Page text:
Kenya : Christian-Muslim rift widens over Kenya ‘s draft law
Christian leaders are opposed to the move by Muslims for recognition of Islamic courts in the country’s constitution.
11/29/2009 Kenya (Afrique en ligne)-The publication of a draft constitution for Kenya, recognising the presence of Muslim civil courts known as the Kadhi courts, has once again widened the Christian-Muslim split in the East African nation.
Kenyan Church leaders have dismissed the creation of the Kadhi Courts, as currently proposed in the draft constitution, as a ploy to “elevate one religion over the other,” while the Islamic clerics ha ve warned that they would mobilise the Muslim community to reject a new draft that omits the Kadhi courts.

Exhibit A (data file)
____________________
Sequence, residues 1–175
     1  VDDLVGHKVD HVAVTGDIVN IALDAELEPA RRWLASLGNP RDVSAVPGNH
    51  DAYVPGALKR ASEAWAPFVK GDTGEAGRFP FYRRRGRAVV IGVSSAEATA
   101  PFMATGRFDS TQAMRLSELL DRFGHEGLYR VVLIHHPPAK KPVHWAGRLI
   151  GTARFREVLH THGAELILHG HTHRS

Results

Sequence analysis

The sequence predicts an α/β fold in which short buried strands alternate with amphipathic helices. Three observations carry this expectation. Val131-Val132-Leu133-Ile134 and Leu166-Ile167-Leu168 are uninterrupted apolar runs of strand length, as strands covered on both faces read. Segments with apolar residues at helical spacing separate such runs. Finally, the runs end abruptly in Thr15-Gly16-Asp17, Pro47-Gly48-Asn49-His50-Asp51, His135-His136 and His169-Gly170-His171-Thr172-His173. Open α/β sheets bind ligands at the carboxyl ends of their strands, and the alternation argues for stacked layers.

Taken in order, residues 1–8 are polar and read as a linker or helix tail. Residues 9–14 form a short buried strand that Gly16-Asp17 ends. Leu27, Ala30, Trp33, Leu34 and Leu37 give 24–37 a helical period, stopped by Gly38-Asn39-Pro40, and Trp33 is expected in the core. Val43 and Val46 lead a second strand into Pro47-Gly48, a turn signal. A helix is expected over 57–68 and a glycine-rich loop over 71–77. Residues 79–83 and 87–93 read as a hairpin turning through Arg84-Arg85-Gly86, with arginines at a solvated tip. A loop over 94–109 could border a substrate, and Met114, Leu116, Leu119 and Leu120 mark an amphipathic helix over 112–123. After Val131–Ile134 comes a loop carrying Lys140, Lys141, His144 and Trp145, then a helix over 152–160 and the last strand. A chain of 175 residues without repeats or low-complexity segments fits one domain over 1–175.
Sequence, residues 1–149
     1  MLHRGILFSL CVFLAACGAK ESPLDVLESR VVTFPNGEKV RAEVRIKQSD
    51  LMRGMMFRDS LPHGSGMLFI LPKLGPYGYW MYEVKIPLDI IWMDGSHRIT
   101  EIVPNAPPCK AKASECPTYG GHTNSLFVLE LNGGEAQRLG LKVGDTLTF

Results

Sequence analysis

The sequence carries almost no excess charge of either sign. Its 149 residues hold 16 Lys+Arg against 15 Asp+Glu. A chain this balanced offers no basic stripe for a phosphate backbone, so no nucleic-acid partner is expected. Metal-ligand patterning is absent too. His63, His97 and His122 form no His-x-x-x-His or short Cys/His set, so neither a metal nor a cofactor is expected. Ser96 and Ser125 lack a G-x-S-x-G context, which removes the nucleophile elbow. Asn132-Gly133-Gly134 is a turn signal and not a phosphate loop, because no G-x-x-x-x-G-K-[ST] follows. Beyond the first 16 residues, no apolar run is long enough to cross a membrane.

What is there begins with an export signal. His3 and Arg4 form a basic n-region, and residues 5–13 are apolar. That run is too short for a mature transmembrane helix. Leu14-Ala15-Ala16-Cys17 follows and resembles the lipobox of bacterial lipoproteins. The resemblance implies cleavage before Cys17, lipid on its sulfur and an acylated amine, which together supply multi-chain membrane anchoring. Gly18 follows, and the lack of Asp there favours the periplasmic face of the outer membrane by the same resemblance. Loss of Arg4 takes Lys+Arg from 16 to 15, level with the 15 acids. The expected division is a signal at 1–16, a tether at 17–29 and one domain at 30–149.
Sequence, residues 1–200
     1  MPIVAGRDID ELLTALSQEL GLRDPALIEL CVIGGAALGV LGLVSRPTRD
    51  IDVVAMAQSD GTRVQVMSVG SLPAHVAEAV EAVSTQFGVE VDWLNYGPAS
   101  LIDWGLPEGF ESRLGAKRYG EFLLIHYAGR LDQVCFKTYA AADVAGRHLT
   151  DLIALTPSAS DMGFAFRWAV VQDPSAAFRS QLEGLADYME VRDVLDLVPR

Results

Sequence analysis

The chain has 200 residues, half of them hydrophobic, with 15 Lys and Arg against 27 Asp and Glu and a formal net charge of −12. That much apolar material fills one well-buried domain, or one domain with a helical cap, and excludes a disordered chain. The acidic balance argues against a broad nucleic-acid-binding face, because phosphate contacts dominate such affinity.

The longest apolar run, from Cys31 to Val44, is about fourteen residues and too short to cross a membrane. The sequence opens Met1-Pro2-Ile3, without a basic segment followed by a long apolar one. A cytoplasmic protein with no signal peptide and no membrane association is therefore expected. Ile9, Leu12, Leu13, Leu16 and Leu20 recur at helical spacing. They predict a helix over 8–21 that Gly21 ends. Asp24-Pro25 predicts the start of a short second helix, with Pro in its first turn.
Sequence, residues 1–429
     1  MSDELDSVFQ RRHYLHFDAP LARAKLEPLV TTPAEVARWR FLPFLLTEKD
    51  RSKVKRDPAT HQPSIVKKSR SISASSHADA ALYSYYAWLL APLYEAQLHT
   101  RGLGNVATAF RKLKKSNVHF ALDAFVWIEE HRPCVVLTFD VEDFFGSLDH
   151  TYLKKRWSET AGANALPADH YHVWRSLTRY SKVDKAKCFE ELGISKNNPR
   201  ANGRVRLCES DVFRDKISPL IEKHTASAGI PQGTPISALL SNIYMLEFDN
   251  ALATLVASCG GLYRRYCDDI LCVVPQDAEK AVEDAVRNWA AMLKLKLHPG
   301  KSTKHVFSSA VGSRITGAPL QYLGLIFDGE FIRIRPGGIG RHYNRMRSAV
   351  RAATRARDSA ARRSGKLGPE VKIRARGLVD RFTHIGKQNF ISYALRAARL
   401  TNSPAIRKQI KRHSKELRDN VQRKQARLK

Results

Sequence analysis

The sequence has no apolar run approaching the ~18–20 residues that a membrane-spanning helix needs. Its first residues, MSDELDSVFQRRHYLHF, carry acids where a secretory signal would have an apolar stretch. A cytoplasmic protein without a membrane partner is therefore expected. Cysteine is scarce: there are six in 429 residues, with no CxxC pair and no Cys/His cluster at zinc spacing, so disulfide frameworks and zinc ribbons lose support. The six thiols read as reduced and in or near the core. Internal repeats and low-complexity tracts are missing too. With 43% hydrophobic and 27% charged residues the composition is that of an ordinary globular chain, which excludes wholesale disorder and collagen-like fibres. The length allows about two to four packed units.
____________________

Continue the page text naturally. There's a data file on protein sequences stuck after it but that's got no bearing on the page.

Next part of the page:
Kenyans have been discussing the prospect of a new constitution. The last attempt to have a constitution, in November 2005, ended with a majority vote rejecting the draft constitution, which proposed to create the office of the Chief Kadhi, to enjoy similar constitutional powers as the Chief Justice.
Christians voiced their opposition to such a proposal and branded it a “contentious” issue, among other thorny issues which included the powers granted to the President to hire and sack the Prime Minister at will.
“The constitution should maintain equality,” said Anglican Church of Kenya’s top cleric Rev Eliud Wabukala. He said the Kadhi courts, currently constituted by an act of parliament, should remain as such.